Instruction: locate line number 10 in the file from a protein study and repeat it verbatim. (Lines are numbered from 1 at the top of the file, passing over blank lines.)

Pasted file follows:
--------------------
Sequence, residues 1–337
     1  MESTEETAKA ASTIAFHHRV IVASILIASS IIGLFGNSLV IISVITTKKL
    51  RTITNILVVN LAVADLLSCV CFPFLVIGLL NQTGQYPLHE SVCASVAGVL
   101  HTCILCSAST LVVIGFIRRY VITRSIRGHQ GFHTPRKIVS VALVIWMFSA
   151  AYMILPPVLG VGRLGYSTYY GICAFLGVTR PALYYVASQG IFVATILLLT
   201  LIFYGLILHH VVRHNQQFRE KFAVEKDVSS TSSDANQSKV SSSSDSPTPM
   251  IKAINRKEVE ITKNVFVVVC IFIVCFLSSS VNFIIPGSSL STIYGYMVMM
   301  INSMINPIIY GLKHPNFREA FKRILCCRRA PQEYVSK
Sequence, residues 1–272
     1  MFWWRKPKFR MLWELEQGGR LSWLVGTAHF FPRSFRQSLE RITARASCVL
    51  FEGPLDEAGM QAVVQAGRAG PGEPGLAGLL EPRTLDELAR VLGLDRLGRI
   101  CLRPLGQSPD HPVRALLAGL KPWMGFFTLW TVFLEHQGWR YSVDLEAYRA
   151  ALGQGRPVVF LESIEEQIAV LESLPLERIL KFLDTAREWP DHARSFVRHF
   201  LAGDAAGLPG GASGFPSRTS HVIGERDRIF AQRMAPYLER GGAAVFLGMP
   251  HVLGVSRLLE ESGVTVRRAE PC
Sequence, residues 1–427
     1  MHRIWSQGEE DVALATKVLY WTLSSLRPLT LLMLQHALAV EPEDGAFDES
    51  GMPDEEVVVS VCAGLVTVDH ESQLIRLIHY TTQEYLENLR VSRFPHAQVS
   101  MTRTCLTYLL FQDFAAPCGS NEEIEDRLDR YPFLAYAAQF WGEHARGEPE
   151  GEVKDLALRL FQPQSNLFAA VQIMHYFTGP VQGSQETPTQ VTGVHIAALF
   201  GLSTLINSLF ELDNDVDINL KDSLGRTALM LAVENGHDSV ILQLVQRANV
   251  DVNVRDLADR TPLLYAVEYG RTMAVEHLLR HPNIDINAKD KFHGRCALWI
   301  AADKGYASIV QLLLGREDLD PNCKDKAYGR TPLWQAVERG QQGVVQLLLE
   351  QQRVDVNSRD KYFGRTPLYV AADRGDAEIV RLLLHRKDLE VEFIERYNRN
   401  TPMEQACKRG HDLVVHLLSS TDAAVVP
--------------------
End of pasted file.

     1  MFWWRKPKFR MLWELEQGGR LSWLVGTAHF FPRSFRQSLE RITARASCVL